The Northern curlytail lizard, Leiocephalus carinatus, is one of many non-native lizard species now scratching out a living among the tangles of the Floridian peninsula. They’re also a nice reminder that non-native lizards can work their way south just as much as they work their way north… Introduced in the Palm Beach county region, Northern curlytails have now fairly well penetrated the Florida Keys. This individual was photographed on Bahia Honda Key in the Lower Keys, and I’ve seen plenty more darting about the bushes and shrubs of both the Lower and Middle Keys.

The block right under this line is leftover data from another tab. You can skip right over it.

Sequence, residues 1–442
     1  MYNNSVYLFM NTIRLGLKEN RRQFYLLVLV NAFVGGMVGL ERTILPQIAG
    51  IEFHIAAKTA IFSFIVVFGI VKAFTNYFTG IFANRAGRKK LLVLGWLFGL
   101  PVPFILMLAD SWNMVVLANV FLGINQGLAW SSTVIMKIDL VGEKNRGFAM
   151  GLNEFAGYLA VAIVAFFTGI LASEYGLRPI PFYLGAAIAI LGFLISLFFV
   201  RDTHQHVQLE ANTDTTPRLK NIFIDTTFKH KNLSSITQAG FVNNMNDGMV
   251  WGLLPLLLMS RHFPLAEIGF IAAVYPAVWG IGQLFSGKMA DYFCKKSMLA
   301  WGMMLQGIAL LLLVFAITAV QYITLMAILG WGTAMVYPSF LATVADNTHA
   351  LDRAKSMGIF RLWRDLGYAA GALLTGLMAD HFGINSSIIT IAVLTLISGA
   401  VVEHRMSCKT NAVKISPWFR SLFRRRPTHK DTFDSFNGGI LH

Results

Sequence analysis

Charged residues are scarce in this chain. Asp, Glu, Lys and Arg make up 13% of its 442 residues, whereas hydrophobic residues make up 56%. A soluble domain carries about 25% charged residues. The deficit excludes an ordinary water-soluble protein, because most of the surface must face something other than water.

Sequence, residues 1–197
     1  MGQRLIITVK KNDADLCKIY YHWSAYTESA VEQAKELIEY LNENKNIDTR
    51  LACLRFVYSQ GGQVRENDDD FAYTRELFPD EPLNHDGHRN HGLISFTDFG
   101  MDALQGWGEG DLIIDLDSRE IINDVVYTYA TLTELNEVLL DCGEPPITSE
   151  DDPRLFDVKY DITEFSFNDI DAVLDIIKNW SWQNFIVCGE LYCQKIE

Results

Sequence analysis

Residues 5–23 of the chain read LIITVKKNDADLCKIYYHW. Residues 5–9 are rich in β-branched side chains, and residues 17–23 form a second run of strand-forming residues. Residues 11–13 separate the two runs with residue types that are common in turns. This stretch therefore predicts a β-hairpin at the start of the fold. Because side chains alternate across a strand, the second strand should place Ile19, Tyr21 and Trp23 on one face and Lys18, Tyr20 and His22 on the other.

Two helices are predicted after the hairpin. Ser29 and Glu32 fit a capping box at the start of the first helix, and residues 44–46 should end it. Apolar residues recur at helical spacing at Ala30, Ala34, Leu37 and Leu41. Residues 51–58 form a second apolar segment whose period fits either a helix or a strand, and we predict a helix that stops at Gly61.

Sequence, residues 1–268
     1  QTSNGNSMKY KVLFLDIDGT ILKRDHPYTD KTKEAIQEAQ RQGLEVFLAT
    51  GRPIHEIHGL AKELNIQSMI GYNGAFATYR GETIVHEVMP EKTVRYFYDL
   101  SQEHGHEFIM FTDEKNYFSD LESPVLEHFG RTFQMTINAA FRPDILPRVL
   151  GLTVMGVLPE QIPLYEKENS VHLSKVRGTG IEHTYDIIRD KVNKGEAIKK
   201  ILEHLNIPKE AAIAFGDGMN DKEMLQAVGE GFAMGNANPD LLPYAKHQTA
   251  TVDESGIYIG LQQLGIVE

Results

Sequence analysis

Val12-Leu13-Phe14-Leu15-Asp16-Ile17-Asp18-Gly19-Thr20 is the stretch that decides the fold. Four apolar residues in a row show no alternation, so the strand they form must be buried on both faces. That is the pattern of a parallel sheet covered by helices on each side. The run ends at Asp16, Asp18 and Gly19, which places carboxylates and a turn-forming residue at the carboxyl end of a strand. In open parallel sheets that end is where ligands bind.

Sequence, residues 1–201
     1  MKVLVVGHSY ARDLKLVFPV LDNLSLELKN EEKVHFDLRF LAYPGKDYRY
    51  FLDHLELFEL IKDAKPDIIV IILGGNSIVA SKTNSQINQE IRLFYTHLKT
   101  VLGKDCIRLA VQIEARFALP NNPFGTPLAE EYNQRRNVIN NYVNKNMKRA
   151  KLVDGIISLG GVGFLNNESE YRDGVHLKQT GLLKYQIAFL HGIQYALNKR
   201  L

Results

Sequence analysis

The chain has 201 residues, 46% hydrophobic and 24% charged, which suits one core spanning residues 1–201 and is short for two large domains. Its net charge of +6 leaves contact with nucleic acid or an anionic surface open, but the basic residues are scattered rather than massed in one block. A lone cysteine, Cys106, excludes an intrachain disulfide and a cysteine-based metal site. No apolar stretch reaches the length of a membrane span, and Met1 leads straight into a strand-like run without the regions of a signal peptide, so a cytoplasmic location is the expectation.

Interestingly, Northern curlytails have been observed predating another non-native species in Florida: the Cuban brown anole, Anolis sagrei. There’s certainly no shortage of sagrei-snacks throughout the entirety of the Floridian peninsula. There’s also no shortage of shrub-lined sidewalks, which Northern curlytails seem to really enjoy. I most often find them basking along the edges of sidewalks with adjacent shrubbery — which they’ll quickly duck into as “danger” approaches.
I haven’t seen any Curlytails in Volusia county yet, but they seem to be fairly well established in Brevard county at this point (just to our south), and I’ve seen a report of at least one in the Port Orange area in Volusia. I suspect we’ll start seeing Northern curlytail lizards in Daytona and Ormond Beach sooner than later. Watch out, you brown anoles you!